The Outlaw

The Outlaw

Streaming Video - 1943
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This timeless American Western is legendary for at least two reasons. It's one of the best takes on the classic tale of Billy The Kid. But it's even more famous for being the vehicle that made Jane Russell a Hollywood starlet and sex symbol for the ages. Also starring Jack Beutel and Walter Huston, the movie follows the friendship of Billy and fellow outlaw Doc Holliday, as they both pursue the affections of Holliday's girlfriend, Rio (Jane Russell) while being chased through the desert by Sheriff Pat McGarrett and his posse. Financed and directed by reclusive millionaire Howard Hughes, its release was delayed several years due to censorship issues relating to Russell's abundant cleavage!Newly appointed Sheriff Pat Garrett meets with an old friend, Don Holliday, who is on the trail of his stolen horse that Billy the Kid has. When Doc and Billy become friends it affects the friendship with Pat and Doc and he asks them to leave his town.
Publisher: [United States] : Film Chest Media Group : Made available through hoopla, 1943
Characteristics: 1 online resource (1 video file (ca. 116 min.)) : sd., col

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ThomasJWhiting
Jul 09, 2015

More interesting from a film history aspect, than the film itself, a 1941 western (released in 1943) introducing big girl Jane Russell.

I did watch the colorized version - and the quality was quite good.

m
ManMachine
Jun 10, 2015

When it comes to 1943's "The Outlaw" (produced and directed by Howard Hughes) - Would it be at all fair of me to say that (from a straight man's perspective) this film's only truly notable asset was, indeed, Jane Russell's "38D-24-36" measurements, and not her acting abilities?

Yep. As shallow and sexist as that may sound, it's pretty much the truth. 'Cause as far as even coming close to being a marginally satisfying Western, "The Outlaw" just did not deliver the goods (regardless that its main character was the famed outlaw, Billy, the Kid).

I mean, let's face it - "The Outlaw" was (and always will be) all about Jane's breasts. And, believe me, director Howard Hughes sure made damn certain that her cleavage-enhancing blouses revealed as much of her bountiful bosom as the censors would legally allow.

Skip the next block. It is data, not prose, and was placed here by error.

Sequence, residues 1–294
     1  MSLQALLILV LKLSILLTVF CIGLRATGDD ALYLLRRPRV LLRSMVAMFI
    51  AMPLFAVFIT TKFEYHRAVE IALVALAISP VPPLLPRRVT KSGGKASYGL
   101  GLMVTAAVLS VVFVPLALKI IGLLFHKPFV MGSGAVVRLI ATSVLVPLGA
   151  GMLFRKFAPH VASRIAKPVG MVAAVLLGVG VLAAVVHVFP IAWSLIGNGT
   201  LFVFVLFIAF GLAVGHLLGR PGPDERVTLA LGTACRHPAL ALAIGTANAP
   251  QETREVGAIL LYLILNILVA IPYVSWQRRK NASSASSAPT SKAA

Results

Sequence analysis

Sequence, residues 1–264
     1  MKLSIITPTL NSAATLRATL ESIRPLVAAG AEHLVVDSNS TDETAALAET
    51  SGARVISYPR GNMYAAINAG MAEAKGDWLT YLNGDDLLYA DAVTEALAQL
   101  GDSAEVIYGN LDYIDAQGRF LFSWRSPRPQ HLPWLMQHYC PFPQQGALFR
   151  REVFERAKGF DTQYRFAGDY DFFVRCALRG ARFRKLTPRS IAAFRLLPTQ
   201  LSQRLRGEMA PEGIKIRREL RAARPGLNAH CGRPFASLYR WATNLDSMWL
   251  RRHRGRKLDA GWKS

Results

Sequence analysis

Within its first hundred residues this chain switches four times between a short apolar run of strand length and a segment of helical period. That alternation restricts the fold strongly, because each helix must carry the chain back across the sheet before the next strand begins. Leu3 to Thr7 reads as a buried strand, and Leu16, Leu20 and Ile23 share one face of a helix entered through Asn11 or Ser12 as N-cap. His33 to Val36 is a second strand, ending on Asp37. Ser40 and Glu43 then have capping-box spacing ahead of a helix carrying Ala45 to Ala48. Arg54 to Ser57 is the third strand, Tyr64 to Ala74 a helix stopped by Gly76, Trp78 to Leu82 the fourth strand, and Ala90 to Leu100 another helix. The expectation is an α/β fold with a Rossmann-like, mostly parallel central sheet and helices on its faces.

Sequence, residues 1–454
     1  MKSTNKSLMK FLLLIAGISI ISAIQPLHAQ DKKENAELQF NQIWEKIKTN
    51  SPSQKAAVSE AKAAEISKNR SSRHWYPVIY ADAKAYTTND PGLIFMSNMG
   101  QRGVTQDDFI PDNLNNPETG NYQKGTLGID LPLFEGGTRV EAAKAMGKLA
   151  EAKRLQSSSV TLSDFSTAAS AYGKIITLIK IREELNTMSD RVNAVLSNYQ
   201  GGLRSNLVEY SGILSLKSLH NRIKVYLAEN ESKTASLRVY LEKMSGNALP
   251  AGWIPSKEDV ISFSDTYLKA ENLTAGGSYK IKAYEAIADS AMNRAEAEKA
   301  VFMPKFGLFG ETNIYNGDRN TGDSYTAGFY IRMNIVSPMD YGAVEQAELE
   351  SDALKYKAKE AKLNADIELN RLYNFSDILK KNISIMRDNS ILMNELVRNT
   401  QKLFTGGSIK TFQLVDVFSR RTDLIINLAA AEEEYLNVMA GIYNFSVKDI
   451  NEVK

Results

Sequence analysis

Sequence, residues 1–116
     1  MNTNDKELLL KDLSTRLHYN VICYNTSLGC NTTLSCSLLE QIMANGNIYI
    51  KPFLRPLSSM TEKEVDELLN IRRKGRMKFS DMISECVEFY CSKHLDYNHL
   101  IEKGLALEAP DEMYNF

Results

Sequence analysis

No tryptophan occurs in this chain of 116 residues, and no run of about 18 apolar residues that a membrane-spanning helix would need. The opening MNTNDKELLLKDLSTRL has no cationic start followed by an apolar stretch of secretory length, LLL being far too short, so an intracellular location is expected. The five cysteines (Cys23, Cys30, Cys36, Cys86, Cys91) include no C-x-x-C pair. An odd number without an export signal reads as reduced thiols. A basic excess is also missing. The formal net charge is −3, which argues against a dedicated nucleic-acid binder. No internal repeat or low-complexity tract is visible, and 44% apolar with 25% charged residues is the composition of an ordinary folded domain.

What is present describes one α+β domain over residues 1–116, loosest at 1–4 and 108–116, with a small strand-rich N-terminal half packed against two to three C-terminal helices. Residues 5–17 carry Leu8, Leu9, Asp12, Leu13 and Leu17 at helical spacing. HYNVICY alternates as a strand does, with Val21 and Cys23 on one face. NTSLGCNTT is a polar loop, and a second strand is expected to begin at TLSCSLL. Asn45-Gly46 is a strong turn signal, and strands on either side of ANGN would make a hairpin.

Actually filmed in 1941, it took Hughes 2 solid years of battling with the censor board to allow "The Outlaw" to be released as it was (which was unbelievably tame by today's standards).

As you can well-imagine, all of this legal wrangling with the censors over Jane's exposed cleavage did absolute wonders for this film as far as free publicity goes. Needless to say - When "The Outlaw" was finally released in 1943, the insatiably curious movie-goers literally lined up right around the block to get a cinematic-gander at Russell's more-than-ample boobs.

m
Monolith
May 23, 2012

Well, this corny and controversial Howard Hughes film is definitely one of the wimpiest Westerns I've ever seen. Billy The Kid steals Doc Holliday's horse, and they become 'pardners' with an "Aw shucks." The Kid kills Rio McDonald's brother and she ends up 'marrying' (cute) him. I thought Holliday and The Kid were gonna ride off in the sunset together holding hands, for crying out loud. Although the movie was completed in 1941, Hughes had considerable trouble getting it approved by the Hollywood Production Code Administration due to its heavy emphasis on and prominent display of 19 year old Jane Russell's, ahem, assets, (rrRROWRR!), and it wasn't widely released until '46. Hughes went to great lengths to enhance her bosom - he even employed his engineering skills to create an underwire bra with steel rods, in order to expose more of it. She denied wearing it in the movie in her autobiography, unbeknownst to Hughes. It's apparently ended up in a Hollywood museum.

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Monolith
May 23, 2012

Doc Holliday (on women, to Billy The Kid): "They're all alike... There isn't anything they wouldn't do for ya... or to ya..."

m
Monolith
May 23, 2012

Billy The Kid (at Doc Holliday's funeral): "I think we oughta say something over Doc." Pat Garrett: "You'd better do it." (they take their hats off) Billy The Kid: "...So long, Doc."

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